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Have I forgotten all my secondary-school geometry?

(That's not actually my question.)

Suppose $R>r>0$ and consider this circle
(later edit: I think $R>0$, $r>0$ is enough; we don't really need $R>r.$ end of later edit) $$ (x-R)^2 + z^2 = r^2 $$ in the $xz$-plane. For any point $p$ on the circle, draw the line through $p$ and the origin $(x,z)=(0,0)$, intersecting the circle at a second point $q$. Thus $p\mapsto q$ is a sort of projection, with the center of projection at the origin. Let $dp/dq$ denote (OK, slightly odd notation here since $p$ and $q$ are not scalars) the ratio of rates of motion of $p$ and $q$ as $p$, and hence also $q$, move along their circular arcs.

If I'm not mistaken, the following differential equation is satisfied: $$ \frac{dp}{dq} = \frac{x\text{-coordinate of }p}{x\text{-coordinate of }q}. $$ Is this

  • a known result in the sense of being in all the books, for suitable values of "all"; or
  • a known result in the sense that any fool would "recall" it if the occasion arose (e.g. like $19\times23=437$); or
  • other (specify).

(A bit of a vague question maybe, but some smart people here can sometimes survive that.)

(BTW, if you like circles, check this out:

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If you parametrize $p$ and $q$ by the angles they make at the center of the circle, such that $p = (R + r\cos\theta_p, r\sin\theta_p)$ and $q = (R + r\cos\theta_q, r\sin\theta_q)$, then the differential quantity $\mathrm d\theta_p/\mathrm d\theta_q$ makes sense. – Rahul Jun 4 '12 at 17:34
Also, I believe the result is an immediate consequence of the fact that the tangents at $p$ and $q$ meet the line at equal angles. – Rahul Jun 4 '12 at 17:38
@RahulNarain I do not understand your second comment. Which line? Consider $p$ at the top or bottom of the circle. – user20266 Jun 4 '12 at 17:42
@Thomas, do you mean when the line itself is tangent to the circle, or when $p = (R,r)$? Edit: The line I mean is the line through $p$ and the origin $(0,0)$. – Rahul Jun 4 '12 at 17:44
@RahulNarain Ah, I see. Nice observation. – user20266 Jun 4 '12 at 17:52
up vote 2 down vote accepted

Instead of moving $p$ around, let us consider both $p$ and $q$ as functions of the angle $\theta$ of the line through the origin. (Note: this is a different $\theta$ than in my first comment.)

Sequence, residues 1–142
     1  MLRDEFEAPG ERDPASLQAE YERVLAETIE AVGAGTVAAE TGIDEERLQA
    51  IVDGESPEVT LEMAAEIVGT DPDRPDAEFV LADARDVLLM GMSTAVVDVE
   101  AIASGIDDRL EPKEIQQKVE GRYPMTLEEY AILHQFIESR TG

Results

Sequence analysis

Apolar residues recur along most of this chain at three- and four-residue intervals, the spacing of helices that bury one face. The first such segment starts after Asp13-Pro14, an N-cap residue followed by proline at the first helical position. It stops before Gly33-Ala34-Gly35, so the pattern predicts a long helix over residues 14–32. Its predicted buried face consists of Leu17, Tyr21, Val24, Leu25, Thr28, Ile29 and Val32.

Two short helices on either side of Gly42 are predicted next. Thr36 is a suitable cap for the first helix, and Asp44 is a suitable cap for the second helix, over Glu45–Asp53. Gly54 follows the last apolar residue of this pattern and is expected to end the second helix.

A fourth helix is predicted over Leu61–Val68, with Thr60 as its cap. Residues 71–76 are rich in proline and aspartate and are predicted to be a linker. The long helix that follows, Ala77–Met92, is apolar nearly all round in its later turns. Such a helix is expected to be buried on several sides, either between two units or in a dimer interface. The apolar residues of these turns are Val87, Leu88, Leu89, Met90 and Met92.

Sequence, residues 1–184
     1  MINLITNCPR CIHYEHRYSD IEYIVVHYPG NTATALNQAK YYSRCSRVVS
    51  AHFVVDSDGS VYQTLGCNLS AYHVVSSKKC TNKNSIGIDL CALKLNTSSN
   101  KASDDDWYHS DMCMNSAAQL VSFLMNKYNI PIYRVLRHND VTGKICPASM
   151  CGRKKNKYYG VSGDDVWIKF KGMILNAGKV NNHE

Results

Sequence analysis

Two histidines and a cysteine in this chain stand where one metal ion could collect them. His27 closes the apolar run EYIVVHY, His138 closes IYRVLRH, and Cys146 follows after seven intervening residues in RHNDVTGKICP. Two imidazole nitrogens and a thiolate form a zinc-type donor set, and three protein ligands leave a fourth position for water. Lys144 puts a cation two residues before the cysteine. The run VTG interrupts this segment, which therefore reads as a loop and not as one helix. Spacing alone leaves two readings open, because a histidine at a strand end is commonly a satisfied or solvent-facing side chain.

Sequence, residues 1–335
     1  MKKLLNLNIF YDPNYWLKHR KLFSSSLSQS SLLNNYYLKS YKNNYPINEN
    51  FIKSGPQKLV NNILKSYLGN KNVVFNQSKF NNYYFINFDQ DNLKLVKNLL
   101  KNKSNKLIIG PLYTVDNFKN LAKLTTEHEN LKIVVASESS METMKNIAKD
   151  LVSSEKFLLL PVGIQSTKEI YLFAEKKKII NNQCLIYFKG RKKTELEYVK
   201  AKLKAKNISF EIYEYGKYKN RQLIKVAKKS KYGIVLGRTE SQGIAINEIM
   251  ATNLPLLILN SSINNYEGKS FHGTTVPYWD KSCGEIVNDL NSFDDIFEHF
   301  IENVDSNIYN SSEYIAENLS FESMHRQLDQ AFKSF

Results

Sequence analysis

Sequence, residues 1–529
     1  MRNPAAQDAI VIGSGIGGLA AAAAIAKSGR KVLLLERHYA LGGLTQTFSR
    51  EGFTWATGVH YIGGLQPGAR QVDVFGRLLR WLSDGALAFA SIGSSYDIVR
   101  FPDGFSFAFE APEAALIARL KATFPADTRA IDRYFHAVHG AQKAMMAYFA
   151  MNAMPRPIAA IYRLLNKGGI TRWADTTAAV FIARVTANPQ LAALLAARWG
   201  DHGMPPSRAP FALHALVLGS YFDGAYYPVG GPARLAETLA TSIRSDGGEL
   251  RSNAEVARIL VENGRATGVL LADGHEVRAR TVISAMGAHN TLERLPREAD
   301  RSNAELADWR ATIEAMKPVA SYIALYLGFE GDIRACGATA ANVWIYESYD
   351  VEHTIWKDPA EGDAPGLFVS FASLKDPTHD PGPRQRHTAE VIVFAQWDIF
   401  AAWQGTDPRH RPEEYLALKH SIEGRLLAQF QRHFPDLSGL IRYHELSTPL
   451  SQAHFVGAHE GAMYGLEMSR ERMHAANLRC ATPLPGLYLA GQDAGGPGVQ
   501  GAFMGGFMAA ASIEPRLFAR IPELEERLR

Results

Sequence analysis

In differential terms, the distance that $p$ moves by a change in $\theta$ is $\frac{\lvert p \rvert\, \mathrm d\theta}{\sin\phi}$, where $\lvert p \rvert$ is the distance of $p$ from the origin, and $\phi$ is the angle between the line and the tangent to the circle:

enter image description here

Now because it is a circle, $\phi$ is the same for both $p$ and $q$. Also, the ratio of $\lvert p \rvert$ to $\lvert q \rvert$ is the same as the ratio of their $x$-coordinates. Thus you get the desired result.

So to answer your question, this result isn't too hard to derive from elementary Euclidean geometry. Perhaps it falls under your second bullet point, in the same sense that no one really "recalls" $19\times23=437$ from memory but can work it out if the need arises.

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Vague question, vague answer.

This is

  • new to me
  • probably well known to every second real specialist in Euclidean geometry, if it is correct (After drawing some pictures it does look plausible, though I wonder whether there should be a factor of $-1$ somewhere in the differential equation - to see why consider the point where $p=q$. Also take into account next bullet point).
  • in fact rather vague, especially when it comes to the definition of the differential quotient.
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Whether there should be a $-1$ depends on how you define things. If you're talking about the rate of change of the angle, then yes, there should be a $-1$. – Michael Hardy Jun 17 '12 at 18:02

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